There are other forms of mosquito slapping that require equipment more than mere hands. The Chinese shop sells mosquito zapping racquets – they have uv lights to attract the prey who get zapped in the mesh – which can be bought in pairs and a match arranged, remember to move the furniture to make some space. Then there is the more docile form of the sport, known as watching the mechanical mosquito slapper – or more commonly known as ‘the killer’ – which involves none other than a cold beer and comfy chair from which to watch those mossies get fried. (Equipment is a standing form of the racquet)

I have heard of pillow slapping, or toss the pillow at the mosquito, but this variety lends itself to more misses than hits and can be a form of frustration, especially as it seems to be played in the small hours of the morning, after being either rudely awoken or kept awake for hours.

The most dangerous form of mosquito slapping has to be mosquito slapping in the shower as it involves a subtle mix of awareness, aim, coordination and balance. One sudden move and you could be on the floor with bruised limbs and ego as the ones that got away hover above just out of reach of your soap waving arm.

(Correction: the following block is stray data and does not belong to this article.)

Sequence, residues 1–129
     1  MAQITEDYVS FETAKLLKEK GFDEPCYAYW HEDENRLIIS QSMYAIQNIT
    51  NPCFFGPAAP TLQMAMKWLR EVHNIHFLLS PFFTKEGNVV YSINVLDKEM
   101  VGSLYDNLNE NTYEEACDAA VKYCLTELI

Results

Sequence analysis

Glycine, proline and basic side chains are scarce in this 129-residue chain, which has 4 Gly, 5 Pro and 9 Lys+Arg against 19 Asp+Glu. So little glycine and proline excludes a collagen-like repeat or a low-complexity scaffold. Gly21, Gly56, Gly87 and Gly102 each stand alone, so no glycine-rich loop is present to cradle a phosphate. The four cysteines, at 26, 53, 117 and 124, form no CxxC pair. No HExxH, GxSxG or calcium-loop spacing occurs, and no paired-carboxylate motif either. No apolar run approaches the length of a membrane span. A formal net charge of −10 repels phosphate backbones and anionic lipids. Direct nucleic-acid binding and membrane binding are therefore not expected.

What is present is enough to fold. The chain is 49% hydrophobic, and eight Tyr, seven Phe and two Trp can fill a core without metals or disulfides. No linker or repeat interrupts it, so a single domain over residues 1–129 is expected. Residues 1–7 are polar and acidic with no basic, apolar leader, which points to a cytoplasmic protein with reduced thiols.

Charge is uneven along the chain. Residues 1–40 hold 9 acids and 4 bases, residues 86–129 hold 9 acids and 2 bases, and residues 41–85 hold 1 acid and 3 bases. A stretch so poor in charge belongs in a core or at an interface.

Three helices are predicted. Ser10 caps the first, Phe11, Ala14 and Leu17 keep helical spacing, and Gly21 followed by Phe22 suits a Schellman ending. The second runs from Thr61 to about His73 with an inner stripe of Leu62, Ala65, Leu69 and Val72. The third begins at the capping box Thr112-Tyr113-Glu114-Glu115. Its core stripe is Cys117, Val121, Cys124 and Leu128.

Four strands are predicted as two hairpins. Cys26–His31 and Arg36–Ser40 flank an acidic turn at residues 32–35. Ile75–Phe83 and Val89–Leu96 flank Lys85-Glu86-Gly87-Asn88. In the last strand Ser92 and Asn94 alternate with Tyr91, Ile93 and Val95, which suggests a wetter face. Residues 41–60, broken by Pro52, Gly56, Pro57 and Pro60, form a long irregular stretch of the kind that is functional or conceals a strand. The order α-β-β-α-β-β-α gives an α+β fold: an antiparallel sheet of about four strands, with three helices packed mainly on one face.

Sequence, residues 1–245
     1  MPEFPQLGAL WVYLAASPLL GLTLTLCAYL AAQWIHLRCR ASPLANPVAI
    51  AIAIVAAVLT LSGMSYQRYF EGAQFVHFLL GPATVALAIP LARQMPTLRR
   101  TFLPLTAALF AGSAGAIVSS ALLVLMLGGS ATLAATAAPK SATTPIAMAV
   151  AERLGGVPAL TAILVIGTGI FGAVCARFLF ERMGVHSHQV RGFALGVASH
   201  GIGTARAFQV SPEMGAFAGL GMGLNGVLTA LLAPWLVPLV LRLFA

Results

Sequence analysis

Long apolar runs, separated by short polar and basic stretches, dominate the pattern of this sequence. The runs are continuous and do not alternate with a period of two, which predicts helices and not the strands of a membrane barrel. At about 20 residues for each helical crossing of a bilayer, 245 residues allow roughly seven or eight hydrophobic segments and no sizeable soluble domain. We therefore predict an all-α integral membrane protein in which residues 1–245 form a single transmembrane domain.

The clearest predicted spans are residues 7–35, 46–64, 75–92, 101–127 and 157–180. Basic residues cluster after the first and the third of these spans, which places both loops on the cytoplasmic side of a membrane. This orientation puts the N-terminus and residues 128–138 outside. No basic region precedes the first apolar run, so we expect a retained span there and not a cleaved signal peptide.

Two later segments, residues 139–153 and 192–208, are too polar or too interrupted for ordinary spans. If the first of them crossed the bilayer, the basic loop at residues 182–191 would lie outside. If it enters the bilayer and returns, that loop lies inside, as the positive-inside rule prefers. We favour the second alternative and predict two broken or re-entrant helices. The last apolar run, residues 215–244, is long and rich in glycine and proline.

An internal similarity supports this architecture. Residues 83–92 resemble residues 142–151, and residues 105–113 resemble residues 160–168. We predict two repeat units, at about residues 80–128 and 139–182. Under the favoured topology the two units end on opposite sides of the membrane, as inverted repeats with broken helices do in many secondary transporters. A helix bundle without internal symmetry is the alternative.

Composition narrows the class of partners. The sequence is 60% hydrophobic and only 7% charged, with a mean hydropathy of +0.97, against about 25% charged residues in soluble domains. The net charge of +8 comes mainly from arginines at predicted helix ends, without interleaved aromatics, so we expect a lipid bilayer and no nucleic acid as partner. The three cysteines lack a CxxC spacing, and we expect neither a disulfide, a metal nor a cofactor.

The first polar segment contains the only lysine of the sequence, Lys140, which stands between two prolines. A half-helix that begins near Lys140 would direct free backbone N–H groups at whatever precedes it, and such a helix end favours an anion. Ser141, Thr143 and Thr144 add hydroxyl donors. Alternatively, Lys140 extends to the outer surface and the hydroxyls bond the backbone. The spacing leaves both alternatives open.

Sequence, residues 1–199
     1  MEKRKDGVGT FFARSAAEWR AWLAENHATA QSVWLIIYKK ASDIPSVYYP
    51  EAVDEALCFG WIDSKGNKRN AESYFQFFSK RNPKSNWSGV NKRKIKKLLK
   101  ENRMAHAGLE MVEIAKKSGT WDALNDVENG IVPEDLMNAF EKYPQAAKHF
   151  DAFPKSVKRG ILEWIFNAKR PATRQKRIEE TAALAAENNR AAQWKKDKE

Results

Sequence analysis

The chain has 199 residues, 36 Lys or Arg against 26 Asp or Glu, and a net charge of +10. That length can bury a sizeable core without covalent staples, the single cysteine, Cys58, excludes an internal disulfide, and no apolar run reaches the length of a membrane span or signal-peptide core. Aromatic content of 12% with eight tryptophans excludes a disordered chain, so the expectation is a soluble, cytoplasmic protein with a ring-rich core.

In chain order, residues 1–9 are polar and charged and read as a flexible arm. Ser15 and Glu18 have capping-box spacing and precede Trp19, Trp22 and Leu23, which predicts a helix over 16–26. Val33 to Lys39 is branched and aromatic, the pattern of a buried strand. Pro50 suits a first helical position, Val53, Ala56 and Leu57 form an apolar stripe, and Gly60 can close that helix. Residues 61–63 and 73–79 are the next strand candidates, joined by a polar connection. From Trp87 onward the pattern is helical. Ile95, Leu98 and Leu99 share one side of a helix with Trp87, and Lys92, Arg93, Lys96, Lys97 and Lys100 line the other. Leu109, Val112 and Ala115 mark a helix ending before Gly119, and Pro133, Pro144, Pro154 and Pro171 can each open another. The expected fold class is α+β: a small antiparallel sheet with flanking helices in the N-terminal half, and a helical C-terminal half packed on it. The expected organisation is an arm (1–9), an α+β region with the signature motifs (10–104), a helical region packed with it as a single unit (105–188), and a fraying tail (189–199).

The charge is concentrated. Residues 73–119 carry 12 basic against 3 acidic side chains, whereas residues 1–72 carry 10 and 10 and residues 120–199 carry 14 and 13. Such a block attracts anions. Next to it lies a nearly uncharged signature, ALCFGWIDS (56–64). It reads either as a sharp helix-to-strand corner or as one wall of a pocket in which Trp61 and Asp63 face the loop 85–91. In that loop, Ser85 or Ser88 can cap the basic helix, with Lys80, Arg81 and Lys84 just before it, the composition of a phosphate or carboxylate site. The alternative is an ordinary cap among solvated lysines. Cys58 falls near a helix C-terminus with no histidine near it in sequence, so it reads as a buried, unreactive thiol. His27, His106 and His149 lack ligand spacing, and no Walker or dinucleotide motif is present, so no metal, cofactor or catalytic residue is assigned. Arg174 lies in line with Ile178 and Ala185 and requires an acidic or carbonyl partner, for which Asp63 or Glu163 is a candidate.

What I know about the rubbish in Nampula is limited to the piles of it lying around on the pavements, spilling sometimes onto the streets. Ok, there is a lot of it but still, this is as far as my awareness went. But I have recently come across the politics of rubbish disposal in this city. I’m not sure if it is true or not and am only quoting someone else.

It first started when I noticed that during the day our empregada, the lovely Virginia, would empty the rubbish bin onto the lawn (or other random spot) and leave it there. When asking about this I was told that it is left there for the guarda who comes at night to take care of. By why? Apparently night is the time to put your rubbish in those oh so effective public rubbish bins, or rather on to the street. I still can’t quite figure out why this is. I have been told it is something to do with when the city collects the rubbish, which apparently they do during the day. I like to think that perhaps it is because dumping your rubbish next to some rusting piece of metal on the pavement is some cause for embarrasment. Then again, maybe not. I will just have to accept it as one of those strange Nampula things unless someone cares to enlighten me…

I have only been back a week and a half and I have already eaten at Batik three times and tonight will be my fourth. This is partly to do with its proximity to my house and partly because it is the most promising restaurant in Nampula at the moment..